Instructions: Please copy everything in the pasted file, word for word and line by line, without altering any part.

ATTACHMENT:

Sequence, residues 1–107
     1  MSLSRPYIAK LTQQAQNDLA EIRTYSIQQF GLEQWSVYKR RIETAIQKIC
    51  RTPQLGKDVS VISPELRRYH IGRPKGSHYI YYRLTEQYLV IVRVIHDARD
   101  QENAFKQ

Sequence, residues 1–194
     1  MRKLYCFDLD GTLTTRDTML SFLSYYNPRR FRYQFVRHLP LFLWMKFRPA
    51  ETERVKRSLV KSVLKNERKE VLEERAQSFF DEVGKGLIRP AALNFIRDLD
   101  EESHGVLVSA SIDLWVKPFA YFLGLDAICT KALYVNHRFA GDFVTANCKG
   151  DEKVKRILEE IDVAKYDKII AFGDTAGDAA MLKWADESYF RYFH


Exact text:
Sequence, residues 1–107
     1  MSLSRPYIAK LTQQAQNDLA EIRTYSIQQF GLEQWSVYKR RIETAIQKIC
    51  RTPQLGKDVS VISPELRRYH IGRPKGSHYI YYRLTEQYLV IVRVIHDARD
   101  QENAFKQ

Sequence, residues 1–194
     1  MRKLYCFDLD GTLTTRDTML SFLSYYNPRR FRYQFVRHLP LFLWMKFRPA
    51  ETERVKRSLV KSVLKNERKE VLEERAQSFF DEVGKGLIRP AALNFIRDLD
   101  EESHGVLVSA SIDLWVKPFA YFLGLDAICT KALYVNHRFA GDFVTANCKG
   151  DEKVKRILEE IDVAKYDKII AFGDTAGDAA MLKWADESYF RYFH